Let New Yorkers Keep Their Nickels

BY JOHN CATSIMATIDIS | Once again, there are reports that the City Council is nearing a deal that would require retail and grocery stores to charge a fee for every plastic or paper bag used by customers. This was a bad idea in 2008 and it is still a bad idea today.

I have always believed in taking a balanced and common sense approach to issues of public policy. In this case, as some Council Members pursue the noble goal of protecting our environment, they go too far in proposing that New Yorkers be charged 5 cents for every bag used. This is literally another example of “nickel and diming” residents, especially those who can least afford it. Indeed, Reverend James D. Morrison, of the Baptist Ministers Conference of Greater New York, said last year when a 10 cent fee was proposed, “Many families in this city barely make ends meet, and for you to consider an extra fee for grocery costs only worsens many dire situations.”

Our city should improve our recycling infrastructure. Our retail stores should offer reusable bags at affordable costs, and allow customers to recycle plastic bags at their locations. These are some common sense ways to help protect our environment. A fee for bags would be nothing more than a regressive tax that will burden those least able to afford it. In addition to many senior citizens on fixed incomes, this group includes new residents of New York trying to pursue their American Dream, as my family did here more than 60 years ago.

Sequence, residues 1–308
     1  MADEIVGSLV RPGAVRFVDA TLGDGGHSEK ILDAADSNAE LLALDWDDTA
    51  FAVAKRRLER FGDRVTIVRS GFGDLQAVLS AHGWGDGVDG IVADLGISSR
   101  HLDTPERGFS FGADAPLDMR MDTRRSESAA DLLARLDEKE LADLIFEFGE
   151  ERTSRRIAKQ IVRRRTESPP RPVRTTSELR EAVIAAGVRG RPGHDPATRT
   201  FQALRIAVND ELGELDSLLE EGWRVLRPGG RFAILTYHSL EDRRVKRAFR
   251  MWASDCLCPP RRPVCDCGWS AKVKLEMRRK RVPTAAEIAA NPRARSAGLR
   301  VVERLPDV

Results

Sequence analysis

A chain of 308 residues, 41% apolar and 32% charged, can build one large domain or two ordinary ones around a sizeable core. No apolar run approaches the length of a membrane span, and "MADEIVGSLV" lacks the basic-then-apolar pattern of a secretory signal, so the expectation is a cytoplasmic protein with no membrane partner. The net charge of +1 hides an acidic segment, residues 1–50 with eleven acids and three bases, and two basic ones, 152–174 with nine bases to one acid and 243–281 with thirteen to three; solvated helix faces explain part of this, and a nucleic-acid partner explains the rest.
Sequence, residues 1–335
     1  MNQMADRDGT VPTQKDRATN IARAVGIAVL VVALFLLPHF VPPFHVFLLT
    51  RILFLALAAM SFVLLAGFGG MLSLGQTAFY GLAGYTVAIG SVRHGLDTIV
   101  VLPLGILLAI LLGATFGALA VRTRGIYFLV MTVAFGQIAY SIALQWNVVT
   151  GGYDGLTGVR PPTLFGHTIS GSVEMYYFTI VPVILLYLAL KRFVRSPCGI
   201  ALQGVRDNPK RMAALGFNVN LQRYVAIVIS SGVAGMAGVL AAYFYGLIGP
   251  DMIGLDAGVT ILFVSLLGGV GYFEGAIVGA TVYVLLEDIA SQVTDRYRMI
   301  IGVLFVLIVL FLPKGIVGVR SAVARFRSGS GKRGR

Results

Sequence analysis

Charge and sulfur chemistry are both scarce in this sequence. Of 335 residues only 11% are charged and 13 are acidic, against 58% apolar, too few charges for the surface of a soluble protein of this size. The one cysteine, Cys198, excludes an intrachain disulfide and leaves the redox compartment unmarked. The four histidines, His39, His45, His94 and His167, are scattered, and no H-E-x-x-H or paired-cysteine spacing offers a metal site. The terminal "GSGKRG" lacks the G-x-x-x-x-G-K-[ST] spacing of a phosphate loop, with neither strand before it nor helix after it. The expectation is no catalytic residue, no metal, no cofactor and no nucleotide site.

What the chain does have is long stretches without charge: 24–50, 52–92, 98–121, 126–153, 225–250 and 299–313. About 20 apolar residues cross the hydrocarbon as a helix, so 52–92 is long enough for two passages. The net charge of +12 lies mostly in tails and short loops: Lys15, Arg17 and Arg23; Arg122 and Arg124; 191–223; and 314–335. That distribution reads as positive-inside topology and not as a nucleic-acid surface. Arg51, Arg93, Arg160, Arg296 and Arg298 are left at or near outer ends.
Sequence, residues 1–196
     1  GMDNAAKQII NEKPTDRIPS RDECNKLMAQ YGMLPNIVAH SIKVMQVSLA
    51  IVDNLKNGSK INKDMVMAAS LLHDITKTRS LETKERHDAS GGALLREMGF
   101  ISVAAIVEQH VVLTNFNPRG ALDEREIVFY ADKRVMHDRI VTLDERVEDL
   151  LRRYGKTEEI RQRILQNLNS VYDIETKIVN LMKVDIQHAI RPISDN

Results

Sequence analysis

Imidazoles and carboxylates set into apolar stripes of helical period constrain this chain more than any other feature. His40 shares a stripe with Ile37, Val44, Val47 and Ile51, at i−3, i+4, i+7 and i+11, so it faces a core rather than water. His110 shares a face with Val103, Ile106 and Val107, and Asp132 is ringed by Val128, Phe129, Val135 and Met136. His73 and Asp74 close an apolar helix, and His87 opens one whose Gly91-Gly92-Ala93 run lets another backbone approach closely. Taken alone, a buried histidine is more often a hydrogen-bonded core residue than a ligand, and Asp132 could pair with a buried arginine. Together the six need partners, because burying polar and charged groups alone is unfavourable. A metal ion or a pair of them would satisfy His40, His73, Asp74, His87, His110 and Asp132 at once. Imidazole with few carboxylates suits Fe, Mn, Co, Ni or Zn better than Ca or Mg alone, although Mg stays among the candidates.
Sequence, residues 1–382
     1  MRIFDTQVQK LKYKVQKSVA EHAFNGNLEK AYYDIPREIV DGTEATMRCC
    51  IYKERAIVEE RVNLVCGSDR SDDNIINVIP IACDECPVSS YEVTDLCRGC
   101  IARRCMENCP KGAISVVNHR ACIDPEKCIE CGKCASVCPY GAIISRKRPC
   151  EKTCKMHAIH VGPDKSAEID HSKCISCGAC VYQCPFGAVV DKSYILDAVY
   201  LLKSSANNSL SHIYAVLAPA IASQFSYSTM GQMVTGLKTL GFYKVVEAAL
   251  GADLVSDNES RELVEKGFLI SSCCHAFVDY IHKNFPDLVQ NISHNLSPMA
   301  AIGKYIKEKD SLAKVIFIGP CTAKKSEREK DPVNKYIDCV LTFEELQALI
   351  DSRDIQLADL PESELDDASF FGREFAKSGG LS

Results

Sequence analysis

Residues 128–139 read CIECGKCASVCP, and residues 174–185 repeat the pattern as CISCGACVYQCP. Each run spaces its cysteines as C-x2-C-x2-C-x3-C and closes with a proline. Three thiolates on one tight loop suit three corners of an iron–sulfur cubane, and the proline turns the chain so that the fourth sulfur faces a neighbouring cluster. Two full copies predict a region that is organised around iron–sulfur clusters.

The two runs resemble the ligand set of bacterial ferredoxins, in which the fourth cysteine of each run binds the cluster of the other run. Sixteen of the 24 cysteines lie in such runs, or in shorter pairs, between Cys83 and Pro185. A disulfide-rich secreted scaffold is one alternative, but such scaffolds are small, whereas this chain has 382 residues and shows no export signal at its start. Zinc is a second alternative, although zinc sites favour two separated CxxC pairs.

In 1949, just six months after I was born on the Greek island of Nisyros, my family immigrated to the United States. We settled on 135th street in Harlem and I grew up watching my father take any work he could to provide for our family. I learned the value of hard work, the importance of family, and how every nickel earned mattered to make it in New York City. Following in my father’s footsteps, I went to work at an early age. I earned my high school diploma at Brooklyn Tech, and then while attending New York University during the day I worked nights and on weekends at Sloan’s supermarket, delivering and ringing up groceries. I helped to support my family and saved what I could, because I had a dream of my own.

My point is that through my father’s experience and my own, I know how difficult it is to make ends meet, and how every nickel does count. I believe families struggling to make it, as mine did, should be able to keep their hard-earned nickels rather than giving them up to pay for plastic bags.

John Catsimatidis is the owner of Gristedes Foods and the Red Apple Group, was a 2013 candidate for mayor, and e hosts a weekly Sunday morning political radio show from 8:30-10:00 a.m. on 970 AM.